Two-fer (Tuesdays with Dorie BwJ: Matzohs & Ka'kat)

One of the things that I have enjoyed the most about baking my way through Baking with Julia is that it pushes me out of my normal baking rut and gets me to try things that I would not have considered if left to my own devices.

This is especially true in when it comes to making bread. I enjoy making bread (flat or risen), but I tend to get into a rut. Oatmeal loaf and English muffin toasting bread are great...but there is a whole world of breads waiting to be tried. My next favorite thing could be hiding on my cookbook shelf, but I'd never know it.

The past couple of Baking with Julia recipes are perfect examples of trying something outside the norm.

First up, matzohs.


These flatbread like crackers were insanely easy to throw together and served as a reminder that things involving flour don't have to be complicated. Flour, water, salt, sesame seeds and a little bit of elbow grease was all it took to get these oven ready. 

The hardest part was throwing the thin dough disks into a 500F oven without burning myself (I didn't...)

I made a half batch - since there was no way I was going to eat 12 plate sized crackers. I enjoyed snacking on these. 

On the other hand, ka'kat (something like a cross between a soft pretzel and a bagel) took a little bit more effort but those efforts were worth the reward.

Apparently, this bread is often found as a street food in Mediterranean regions.

When I saw that this was a yeasted bread and required a couple of rises, I wasn't sure how I was going to fit this one in. But... an unusually warm evening and an even more unusual night at home was all that was needed to pull these off.

I left the mixer in the pantry and kneaded this one by hand. King Arthur's high gluten flour worked like dream - creating a silky dough that did exactly what it was supposed to.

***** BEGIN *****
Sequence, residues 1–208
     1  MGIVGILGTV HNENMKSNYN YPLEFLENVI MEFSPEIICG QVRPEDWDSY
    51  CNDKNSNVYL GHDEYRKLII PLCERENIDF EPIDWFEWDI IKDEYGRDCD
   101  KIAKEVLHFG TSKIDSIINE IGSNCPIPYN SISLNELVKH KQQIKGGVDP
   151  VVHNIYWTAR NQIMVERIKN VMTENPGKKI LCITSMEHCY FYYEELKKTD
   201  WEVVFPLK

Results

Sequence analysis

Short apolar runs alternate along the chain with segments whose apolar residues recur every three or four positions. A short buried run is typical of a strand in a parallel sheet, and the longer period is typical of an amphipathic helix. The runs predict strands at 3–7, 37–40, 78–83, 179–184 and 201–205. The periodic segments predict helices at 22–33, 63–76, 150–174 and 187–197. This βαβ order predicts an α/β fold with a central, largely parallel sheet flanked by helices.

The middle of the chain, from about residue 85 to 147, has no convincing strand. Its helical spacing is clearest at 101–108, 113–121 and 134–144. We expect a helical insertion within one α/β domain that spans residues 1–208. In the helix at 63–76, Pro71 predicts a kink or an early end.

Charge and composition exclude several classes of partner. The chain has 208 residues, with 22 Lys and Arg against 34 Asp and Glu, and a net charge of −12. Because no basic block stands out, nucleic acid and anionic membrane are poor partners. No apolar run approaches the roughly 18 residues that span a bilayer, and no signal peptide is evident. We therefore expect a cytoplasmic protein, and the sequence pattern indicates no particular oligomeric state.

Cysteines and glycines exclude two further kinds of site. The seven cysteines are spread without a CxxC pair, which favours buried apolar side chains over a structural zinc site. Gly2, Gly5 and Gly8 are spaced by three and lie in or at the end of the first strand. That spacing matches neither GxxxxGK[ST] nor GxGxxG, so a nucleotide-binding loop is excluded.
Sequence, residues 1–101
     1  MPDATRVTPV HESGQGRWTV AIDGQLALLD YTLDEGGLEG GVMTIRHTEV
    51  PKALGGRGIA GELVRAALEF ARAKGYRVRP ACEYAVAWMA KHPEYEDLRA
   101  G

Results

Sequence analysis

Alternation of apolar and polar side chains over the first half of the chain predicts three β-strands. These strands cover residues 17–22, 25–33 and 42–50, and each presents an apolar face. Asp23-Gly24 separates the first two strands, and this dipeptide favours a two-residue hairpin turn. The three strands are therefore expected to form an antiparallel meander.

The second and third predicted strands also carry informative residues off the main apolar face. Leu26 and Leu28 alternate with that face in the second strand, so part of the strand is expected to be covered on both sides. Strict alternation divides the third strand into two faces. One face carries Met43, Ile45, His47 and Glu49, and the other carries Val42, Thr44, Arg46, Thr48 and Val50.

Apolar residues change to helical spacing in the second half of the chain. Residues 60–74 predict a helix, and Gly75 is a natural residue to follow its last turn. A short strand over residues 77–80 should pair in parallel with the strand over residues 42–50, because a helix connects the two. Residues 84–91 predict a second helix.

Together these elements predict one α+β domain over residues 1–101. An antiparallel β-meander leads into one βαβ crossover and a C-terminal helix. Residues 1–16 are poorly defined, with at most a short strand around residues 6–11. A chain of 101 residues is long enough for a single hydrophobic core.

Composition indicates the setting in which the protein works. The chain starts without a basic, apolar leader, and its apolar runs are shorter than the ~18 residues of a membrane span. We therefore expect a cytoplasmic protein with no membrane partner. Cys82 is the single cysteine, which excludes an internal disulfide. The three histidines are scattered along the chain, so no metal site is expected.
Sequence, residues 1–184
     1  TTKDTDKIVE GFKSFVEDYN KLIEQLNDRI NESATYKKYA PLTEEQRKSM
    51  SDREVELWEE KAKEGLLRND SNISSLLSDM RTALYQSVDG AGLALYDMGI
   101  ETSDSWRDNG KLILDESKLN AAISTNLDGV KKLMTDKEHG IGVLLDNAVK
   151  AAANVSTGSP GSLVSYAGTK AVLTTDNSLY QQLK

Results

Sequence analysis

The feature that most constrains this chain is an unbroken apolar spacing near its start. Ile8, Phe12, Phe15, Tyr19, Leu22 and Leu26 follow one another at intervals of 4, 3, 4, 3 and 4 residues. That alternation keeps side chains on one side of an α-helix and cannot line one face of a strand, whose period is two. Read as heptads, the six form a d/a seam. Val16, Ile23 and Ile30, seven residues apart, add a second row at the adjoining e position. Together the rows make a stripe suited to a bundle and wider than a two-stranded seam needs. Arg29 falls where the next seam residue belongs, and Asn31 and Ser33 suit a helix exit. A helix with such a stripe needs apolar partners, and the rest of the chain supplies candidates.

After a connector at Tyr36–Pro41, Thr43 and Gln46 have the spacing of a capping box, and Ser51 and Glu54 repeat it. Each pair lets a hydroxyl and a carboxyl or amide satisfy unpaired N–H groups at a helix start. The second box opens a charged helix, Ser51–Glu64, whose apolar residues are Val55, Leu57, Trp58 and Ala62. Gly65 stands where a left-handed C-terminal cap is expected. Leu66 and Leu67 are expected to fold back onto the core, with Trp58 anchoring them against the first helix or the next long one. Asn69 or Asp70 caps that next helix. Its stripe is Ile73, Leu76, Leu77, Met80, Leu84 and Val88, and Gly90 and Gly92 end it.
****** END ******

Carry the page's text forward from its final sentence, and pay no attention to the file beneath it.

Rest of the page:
Did I mention that there was a slightly exotic twist to this recipe? Ground mahlab (made from the seeds of a certain species of cherry) added an exotic touch to these treats. (You know, that thing that makes you wonder what it is, but you can't quite pin it down.). An egg was was added for color and sesame seeds added a bit of texture.

Fresh out of the oven, these were addictively good. Heck, they were only two inches big - so no one felt guilty about seconds. Like the matzoh, I opted to make a half batch. Down sizing my baking has been an ongoing challenge at chez Cher - I am getting better at it, but still...

This post participates in Tuesdays with Dorie. Lauren Groveman demonstrates her matzoh making skill here and one bloggers version of ka'kat can be found here.


  1. I totally agree…best part of being in this baking group is trying new things that I know I wouldn't any other way. Yours look fantastic!

  2. I love the challenge of trying things I would not normally attempt. Both your motzohs and ka'kats look wonderful!

  3. I only burned myself once on those matzos and was pretty pleased with myself. your ka'kat look awesome-- puffy and soft!

  4. I made the matzos during Passover and absolutely loved them. They are so much better than store bought, and when you aren't eating bread they really are amazing. The Ka'kat's were good too, weren't they? I definitely didn't stop at eating one.


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